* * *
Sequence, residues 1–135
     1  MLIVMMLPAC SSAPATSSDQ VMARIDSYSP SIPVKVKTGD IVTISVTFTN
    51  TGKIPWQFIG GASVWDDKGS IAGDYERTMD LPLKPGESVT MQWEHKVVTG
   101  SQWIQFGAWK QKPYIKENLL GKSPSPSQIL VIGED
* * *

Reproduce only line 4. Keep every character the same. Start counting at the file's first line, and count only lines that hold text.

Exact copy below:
   101  SQWIQFGAWK QKPYIKENLL GKSPSPSQIL VIGED